▪ May 10, 2004: MU gets faxed copy of NCAA report, alleging one major violation: Payment of $250 to Clemons by men’s basketball assistant coach Tony Harvey. Quin Snyder remains basketball coach but assistant coaches Lane Odom and Harvey resign.
▪ July 2, 2004: Missouri self-imposes two years’ probation and other sanctions but maintains Snyder did not intentionally commit any infractions. In November, the NCAA puts the Tigers on three years’ probation and hands out a one-year ban on any member of the MU coaching staff from off-campus recruiting. MU avoids a postseason ban.
▪ Nov. 19, 2004: A month after 22-year-old Paige Laurie cut the ribbon on Missouri’s new basketball facility, the Paige Sports Arena, she is accused to have paid to have schoolwork done for her at the University of Southern California, ABC’s “20/20” reports. Laurie is the daughter of billionaires Bill and Nancy Laurie, who donated $25 million for the $75 million arena and secured naming rights for the building. The Lauries later give back their naming rights and the building is renamed Mizzou Arena.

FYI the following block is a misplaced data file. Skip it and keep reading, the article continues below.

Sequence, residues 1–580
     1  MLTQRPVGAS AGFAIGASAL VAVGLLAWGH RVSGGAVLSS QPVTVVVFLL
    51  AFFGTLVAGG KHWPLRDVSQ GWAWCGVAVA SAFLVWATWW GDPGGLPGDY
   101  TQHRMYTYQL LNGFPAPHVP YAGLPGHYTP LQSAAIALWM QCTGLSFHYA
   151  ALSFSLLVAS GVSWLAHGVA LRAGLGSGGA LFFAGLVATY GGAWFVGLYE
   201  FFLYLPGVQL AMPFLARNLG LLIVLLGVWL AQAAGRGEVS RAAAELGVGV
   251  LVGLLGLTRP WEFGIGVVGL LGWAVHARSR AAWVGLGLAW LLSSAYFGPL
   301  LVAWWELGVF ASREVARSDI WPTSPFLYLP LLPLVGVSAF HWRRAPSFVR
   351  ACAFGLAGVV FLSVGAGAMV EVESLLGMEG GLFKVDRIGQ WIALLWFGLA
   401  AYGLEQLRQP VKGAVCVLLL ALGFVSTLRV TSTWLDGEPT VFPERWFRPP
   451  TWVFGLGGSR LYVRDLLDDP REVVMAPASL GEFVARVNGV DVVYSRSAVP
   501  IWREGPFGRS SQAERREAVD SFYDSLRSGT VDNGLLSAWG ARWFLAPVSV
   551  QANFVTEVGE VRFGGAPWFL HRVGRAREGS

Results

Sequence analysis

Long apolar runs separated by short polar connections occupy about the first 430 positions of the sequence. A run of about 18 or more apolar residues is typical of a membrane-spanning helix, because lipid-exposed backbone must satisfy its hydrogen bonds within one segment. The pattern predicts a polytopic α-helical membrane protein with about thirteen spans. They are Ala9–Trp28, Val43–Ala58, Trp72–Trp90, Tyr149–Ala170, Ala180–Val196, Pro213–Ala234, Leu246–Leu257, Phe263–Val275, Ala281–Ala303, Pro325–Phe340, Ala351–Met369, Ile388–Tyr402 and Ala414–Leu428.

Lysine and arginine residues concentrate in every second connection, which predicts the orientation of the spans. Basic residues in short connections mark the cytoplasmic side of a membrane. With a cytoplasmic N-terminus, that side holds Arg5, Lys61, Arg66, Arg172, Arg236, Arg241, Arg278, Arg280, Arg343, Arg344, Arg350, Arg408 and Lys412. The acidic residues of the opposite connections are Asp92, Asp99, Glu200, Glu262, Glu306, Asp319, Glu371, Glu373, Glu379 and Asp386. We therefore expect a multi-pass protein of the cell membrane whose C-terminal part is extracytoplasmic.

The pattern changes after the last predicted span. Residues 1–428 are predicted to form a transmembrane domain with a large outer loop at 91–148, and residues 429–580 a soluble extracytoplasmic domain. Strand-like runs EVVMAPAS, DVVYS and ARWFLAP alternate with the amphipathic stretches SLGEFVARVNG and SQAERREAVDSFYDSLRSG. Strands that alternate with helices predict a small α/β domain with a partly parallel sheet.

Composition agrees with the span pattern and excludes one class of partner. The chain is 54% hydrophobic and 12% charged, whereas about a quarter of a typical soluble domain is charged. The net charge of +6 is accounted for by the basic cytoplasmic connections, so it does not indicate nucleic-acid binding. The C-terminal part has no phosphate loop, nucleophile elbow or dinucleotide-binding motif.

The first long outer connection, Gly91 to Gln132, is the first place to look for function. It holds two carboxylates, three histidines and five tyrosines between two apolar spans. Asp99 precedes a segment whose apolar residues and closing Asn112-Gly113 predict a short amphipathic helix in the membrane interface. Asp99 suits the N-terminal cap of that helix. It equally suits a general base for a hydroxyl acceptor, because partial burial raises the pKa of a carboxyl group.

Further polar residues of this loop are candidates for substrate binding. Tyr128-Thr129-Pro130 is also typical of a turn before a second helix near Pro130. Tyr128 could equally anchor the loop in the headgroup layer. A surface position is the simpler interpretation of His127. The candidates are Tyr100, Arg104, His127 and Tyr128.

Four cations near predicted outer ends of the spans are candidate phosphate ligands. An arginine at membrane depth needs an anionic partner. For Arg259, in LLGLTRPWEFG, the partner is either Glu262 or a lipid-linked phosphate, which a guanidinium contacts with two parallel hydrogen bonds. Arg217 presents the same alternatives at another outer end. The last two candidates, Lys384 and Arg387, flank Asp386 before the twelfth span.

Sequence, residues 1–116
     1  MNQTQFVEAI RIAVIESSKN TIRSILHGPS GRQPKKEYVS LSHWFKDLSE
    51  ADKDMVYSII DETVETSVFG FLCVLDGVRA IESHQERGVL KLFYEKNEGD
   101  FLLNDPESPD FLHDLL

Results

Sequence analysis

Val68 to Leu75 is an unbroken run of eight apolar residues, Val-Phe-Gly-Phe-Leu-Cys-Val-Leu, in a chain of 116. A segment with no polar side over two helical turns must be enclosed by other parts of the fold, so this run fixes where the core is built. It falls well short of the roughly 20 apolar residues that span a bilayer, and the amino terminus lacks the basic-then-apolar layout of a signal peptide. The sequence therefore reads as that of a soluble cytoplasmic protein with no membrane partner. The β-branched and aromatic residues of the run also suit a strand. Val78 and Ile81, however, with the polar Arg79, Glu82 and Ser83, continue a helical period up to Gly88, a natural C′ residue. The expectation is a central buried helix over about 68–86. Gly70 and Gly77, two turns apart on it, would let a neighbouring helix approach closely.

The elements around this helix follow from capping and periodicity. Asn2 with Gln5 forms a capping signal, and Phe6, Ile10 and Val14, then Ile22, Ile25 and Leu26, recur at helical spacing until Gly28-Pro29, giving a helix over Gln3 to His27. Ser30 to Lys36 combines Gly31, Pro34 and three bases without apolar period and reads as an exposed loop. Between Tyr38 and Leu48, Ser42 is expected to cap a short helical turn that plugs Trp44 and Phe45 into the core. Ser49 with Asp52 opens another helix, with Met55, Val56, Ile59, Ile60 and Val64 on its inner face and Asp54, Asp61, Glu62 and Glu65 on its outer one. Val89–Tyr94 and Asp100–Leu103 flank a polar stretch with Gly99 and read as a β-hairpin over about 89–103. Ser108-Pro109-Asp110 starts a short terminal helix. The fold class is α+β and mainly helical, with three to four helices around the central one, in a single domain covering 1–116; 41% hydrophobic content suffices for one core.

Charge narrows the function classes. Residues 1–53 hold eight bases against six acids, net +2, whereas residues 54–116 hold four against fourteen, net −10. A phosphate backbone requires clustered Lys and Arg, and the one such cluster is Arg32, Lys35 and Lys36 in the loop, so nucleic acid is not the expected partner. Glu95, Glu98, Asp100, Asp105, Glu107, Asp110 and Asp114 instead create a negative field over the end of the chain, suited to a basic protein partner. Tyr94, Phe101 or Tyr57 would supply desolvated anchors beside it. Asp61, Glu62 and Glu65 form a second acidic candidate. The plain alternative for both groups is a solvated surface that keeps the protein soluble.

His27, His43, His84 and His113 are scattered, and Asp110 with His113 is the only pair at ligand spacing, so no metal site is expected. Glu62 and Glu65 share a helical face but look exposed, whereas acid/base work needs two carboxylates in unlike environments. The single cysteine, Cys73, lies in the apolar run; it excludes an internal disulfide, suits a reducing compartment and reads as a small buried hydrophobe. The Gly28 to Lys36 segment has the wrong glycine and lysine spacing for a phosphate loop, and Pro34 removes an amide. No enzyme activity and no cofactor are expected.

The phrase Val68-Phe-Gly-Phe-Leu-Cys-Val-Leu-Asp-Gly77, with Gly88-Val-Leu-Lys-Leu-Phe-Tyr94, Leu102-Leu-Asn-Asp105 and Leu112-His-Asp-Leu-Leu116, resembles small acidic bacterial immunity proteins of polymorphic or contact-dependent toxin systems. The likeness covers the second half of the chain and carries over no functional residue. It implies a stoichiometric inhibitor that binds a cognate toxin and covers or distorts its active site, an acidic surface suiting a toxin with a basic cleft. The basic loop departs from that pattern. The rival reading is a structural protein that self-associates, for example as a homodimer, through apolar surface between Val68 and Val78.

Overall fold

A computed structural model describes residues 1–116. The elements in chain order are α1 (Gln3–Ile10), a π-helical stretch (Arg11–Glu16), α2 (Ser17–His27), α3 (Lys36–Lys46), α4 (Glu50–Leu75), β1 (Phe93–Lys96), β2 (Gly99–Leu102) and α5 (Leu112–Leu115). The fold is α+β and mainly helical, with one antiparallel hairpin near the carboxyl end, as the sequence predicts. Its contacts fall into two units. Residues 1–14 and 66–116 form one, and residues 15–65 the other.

▪ July 12, 2005: Missouri redshirt freshman linebacker Aaron O’Neal, 19, dies following a conditioning workout. O’Neal’s family later files a wrongful-death lawsuit.
▪ March 16, 2005: Mizzou’s basketball season ends in the first round of the NIT for the second year in a row.
▪ Feb. 12, 2006: Missouri accepts Snyder’s resignation before the Tigers’ game against Kansas State. Alden denies that he had instructed broadcaster Gary Link, his special assistant, to inform Snyder that he would be fired at the end of the season. MU offers Snyder $574,000 in settlement. Both the MU chancellor and the university system launch investigations into the resignation.
▪ Feb. 20, 2006: Alden says he sent Link to ask Snyder if he “might want to step away.” An independent investigation released a month later reveals Link’s decision to deliver an ultimatum was made on his own.
▪ March 24, 2006: Stewart publicly questions whether Alden should keep his job.
▪ March 26, 2006: A news conference to introduce Mike Anderson as Snyder’s replacement is held off while the Board of Curators determine Alden’s future. Alden doesn’t learn of the meeting until he arrives home after walking his dogs. He keeps his job and Anderson is introduced.